Chart of the week: Sweden's high cost of negative interest rates

Sweden's Riksbank, pioneered the use of negative interest rates after the financial crisis. But its drastic action has driven private debt in Sweden to extraordinary heights.


The Swedish central bank, the Riksbank, "pioneered" the use of negative interest rates after the financial crisis, charging banks for keeping excess reserves with it from as early as 2009. In early 2015, it cut its main policy rate, which eventually sunk as low as 0.5%. The bank's goal was to prevent the Swedish krona from becoming too strong, thus hurting growth. But its drastic action also fuelled a housing bubble, which has driven private debt in Sweden to extraordinary heights, as the chart shows. As a result, the bank is changing course rates are now at 0.25% and it hopes to raise them to 0% in December. "Investors should take note," says Nick Andrews of Gavekal. "The Swedish canary may be signalling a shift in attitudes to negative rates."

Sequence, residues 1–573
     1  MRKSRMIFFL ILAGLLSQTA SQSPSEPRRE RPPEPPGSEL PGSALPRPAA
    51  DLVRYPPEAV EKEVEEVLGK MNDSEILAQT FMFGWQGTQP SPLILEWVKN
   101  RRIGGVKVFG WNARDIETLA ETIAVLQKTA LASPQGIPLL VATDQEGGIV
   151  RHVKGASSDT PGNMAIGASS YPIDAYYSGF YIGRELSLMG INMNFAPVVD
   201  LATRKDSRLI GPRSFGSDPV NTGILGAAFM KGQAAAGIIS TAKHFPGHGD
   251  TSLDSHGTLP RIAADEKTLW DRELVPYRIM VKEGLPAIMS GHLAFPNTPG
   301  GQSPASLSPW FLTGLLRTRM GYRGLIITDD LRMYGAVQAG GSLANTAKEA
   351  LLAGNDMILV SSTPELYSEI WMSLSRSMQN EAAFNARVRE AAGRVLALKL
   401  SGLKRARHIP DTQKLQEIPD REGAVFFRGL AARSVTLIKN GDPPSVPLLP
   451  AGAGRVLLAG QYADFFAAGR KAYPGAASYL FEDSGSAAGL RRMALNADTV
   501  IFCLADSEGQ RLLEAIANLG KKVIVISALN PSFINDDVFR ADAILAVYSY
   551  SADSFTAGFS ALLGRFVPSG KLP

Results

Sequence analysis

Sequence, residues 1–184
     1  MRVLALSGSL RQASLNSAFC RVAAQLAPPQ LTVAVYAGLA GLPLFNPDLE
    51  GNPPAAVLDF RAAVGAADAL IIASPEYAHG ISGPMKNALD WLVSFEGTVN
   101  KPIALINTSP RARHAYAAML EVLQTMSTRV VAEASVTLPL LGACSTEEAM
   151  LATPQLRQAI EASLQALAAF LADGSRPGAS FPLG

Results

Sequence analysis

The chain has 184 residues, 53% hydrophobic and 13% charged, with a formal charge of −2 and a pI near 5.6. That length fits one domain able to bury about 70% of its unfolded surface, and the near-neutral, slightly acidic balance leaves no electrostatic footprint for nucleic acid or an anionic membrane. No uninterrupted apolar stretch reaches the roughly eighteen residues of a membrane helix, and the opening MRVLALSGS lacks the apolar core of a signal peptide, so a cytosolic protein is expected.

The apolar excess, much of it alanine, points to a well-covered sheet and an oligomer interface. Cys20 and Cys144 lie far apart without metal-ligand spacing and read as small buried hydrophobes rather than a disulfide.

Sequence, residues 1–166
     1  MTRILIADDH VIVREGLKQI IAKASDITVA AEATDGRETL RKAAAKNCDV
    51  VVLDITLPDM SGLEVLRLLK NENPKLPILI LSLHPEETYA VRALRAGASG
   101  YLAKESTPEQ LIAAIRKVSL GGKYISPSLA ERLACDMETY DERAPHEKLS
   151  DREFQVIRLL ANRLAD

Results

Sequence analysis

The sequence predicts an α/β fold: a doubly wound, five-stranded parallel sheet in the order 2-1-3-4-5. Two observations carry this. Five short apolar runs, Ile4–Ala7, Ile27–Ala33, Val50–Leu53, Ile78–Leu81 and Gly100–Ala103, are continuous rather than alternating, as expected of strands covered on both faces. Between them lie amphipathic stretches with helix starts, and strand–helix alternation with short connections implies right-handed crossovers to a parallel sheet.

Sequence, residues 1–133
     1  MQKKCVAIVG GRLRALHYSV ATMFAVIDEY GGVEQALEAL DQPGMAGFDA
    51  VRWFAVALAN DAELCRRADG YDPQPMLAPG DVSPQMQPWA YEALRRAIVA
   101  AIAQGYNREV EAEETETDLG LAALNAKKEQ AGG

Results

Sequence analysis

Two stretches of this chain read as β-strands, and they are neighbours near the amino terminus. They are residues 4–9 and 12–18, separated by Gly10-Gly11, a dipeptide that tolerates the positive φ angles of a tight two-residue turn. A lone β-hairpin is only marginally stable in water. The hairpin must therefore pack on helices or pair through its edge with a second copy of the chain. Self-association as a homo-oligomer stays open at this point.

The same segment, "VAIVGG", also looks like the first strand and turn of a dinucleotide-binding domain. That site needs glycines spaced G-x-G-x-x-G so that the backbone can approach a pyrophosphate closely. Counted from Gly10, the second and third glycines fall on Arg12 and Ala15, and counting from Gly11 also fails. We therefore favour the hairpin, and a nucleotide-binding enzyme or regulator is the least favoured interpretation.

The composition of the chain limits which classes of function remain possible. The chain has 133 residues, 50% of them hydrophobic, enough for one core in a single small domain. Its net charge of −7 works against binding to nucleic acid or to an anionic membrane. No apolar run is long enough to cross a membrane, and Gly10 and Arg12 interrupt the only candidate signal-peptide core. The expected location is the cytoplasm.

Jupiter's John Chatfeild-Roberts, quoted in Citywire, on why the fund group sold out of Neil Woodford's fund by late 2017

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